By Joseph Ax
NORRISTOWN, Pa. (Reuters) - Jurors deciding Bill Cosby's fate at his sexual assault trial will resume deliberations on Friday morning in an effort to break a deadlock on all three charges.
After the jury sent a note on Thursday morning saying that it was unable to reach a unanimous verdict, Judge Steven O'Neill, in a state court in Norristown, Pennsylvania, instructed the panel to continue trying. But the jurors failed to come to an agreement by 9 p.m., after 40 hours of discussions thus far.
Cosby, 79, is accused of sexually assaulting Andrea Constand at his Philadelphia-area home in 2004 after giving her pills that she says left her unable to resist.
The former star of the 1980s TV hit "The Cosby Show" faces similar allegations from dozens of women, though only Constand's claim has resulted in criminal charges. Cosby has denied every accusation and said that his encounter with Constand was consensual.
The jury's note, delivered a few minutes after 11 a.m. on Thursday, raised the possibility that the closely watched case might end in a mistrial, leaving it to prosecutors to decide whether to seek a retrial.
A hung jury would represent a clear victory for Cosby, who would avoid what could have been years in prison for three counts of aggravated indecent assault.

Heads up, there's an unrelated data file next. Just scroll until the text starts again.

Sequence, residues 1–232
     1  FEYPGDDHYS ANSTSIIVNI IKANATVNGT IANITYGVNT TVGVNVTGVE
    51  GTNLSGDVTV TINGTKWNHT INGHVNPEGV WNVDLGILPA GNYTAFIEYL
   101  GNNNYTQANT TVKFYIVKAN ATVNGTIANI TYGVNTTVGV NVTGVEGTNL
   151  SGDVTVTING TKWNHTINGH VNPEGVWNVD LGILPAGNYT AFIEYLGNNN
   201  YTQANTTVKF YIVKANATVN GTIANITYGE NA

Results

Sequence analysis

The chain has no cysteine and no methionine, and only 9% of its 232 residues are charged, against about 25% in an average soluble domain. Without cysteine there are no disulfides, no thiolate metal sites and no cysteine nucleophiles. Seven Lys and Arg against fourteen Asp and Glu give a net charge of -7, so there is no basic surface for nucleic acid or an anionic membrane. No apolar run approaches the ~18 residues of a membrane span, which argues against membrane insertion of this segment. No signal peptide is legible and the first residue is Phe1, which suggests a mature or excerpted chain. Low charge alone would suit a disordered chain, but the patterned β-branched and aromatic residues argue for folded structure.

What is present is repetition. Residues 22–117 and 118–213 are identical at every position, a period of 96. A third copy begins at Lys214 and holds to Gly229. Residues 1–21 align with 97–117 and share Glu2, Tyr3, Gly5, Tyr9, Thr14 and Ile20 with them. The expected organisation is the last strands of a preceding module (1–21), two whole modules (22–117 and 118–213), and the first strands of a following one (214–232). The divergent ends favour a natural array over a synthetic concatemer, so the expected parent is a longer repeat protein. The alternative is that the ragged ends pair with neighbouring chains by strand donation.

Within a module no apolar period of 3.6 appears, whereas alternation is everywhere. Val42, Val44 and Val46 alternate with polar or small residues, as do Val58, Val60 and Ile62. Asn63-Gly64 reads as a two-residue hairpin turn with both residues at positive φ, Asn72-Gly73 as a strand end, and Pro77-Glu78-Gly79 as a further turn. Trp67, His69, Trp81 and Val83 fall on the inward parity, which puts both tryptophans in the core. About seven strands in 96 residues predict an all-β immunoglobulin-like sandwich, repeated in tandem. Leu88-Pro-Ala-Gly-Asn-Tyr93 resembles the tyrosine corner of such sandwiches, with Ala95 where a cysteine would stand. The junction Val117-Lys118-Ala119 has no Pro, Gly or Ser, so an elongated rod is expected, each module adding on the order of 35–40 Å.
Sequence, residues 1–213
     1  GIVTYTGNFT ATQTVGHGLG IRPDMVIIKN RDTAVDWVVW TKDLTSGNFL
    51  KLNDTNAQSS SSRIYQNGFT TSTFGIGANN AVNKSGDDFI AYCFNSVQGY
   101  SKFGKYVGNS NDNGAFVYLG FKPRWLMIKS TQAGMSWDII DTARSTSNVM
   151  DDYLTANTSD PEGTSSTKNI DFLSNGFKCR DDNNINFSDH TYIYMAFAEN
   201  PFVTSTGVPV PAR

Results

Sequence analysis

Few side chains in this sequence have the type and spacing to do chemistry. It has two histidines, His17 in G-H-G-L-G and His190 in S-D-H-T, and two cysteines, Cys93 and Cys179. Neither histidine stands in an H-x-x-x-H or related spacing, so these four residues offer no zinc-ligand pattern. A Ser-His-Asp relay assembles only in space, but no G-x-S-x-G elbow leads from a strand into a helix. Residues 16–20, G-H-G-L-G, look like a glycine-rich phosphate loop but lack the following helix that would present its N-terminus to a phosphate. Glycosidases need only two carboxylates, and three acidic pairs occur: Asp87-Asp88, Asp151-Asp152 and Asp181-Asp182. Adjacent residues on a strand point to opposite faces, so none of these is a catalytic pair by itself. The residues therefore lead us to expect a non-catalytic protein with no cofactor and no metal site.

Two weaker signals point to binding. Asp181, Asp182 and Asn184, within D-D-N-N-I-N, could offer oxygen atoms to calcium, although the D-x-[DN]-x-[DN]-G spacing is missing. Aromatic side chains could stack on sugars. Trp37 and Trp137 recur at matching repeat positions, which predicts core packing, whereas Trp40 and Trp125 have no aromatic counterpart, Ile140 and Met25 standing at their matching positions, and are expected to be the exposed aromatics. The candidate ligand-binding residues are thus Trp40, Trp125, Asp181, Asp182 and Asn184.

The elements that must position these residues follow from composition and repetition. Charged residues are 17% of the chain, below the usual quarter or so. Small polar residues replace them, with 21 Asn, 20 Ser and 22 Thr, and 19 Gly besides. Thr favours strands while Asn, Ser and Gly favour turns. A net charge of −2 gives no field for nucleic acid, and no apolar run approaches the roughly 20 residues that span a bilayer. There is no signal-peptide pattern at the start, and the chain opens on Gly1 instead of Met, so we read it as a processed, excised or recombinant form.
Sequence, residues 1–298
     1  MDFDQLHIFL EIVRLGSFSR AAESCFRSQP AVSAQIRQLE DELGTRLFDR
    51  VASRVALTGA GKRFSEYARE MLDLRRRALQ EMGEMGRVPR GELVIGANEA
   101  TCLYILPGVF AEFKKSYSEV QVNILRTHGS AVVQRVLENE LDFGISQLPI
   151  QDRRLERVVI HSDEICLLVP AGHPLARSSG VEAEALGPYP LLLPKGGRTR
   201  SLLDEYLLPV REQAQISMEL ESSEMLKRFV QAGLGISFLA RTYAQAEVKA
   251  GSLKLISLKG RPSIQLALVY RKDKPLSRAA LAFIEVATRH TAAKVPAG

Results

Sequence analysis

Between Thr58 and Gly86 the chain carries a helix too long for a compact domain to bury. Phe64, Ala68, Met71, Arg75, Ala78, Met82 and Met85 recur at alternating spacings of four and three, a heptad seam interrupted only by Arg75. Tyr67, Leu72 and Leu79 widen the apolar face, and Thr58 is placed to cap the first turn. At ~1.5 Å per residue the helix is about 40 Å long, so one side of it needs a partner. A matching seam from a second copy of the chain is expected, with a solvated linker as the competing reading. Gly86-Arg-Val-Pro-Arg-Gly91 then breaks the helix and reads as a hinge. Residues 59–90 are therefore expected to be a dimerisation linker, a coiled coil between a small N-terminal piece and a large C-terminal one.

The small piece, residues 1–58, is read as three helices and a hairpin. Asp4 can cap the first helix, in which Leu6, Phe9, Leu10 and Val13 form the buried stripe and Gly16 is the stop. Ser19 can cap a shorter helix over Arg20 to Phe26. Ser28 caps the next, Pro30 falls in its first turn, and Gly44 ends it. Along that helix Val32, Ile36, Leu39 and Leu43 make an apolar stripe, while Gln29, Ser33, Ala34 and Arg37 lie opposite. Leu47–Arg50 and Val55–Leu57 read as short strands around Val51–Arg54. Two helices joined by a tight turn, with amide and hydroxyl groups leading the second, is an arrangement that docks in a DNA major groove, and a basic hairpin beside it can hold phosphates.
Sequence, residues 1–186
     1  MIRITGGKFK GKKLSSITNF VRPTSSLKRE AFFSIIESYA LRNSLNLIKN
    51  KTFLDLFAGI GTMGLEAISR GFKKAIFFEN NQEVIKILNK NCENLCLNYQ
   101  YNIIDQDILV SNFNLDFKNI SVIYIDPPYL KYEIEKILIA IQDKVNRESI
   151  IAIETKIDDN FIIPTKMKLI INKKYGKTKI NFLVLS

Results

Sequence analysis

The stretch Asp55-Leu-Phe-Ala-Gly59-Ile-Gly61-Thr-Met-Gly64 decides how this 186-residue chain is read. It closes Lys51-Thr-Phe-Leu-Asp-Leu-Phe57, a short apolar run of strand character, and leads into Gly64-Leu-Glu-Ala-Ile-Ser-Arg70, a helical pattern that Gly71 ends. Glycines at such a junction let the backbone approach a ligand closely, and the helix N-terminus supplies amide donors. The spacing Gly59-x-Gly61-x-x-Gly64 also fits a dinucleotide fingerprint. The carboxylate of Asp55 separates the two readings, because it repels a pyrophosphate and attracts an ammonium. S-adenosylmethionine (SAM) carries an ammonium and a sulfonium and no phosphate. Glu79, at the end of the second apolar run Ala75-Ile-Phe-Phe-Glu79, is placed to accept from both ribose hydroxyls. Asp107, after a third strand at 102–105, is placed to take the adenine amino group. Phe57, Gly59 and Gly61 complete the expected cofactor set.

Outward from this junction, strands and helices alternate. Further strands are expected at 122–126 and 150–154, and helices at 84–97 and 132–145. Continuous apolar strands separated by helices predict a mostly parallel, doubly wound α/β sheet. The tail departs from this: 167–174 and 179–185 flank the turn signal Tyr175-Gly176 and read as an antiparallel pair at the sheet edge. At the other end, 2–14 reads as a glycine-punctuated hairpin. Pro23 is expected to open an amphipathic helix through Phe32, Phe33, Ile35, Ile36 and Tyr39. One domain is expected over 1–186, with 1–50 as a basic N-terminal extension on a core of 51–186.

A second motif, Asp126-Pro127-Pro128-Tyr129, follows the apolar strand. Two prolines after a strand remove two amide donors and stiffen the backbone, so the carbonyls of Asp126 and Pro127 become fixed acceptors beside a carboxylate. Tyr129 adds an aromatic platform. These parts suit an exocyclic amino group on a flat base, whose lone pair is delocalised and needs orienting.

In a series of notes this week, the jury has asked to rehear large excerpts of trial testimony, including several versions of the incident that both Cosby and Constand have given over the years.
Cosby did not testify at trial, but his account was shown to the juror in the form of a police interview from 2005 as well as sworn depositions he gave in 2005 and 2006 as part of Constand's civil lawsuit against him.
Constand, meanwhile, appeared as the prosecution's key witness, telling jurors that Cosby gave her three pills he suggested were herbal before taking advantage of her disorientation to sexually assault her.
Cosby's lawyers sought to discredit her by pointing to discrepancies between her testimony and several statements she made to law enforcement in 2005, when she first reported the incident a year after it allegedly occurred.
Prosecutors relied on the testimony of a second accuser, Kelly Johnson, as well as Cosby's own words to make the argument that he is a serial offender.
Johnson testified that Cosby drugged and sexually assaulted her in 1996, while Cosby acknowledged in depositions that he gave young women sedatives in the 1970s.
(Reporting by Joseph Ax; Editing by Leslie Adler)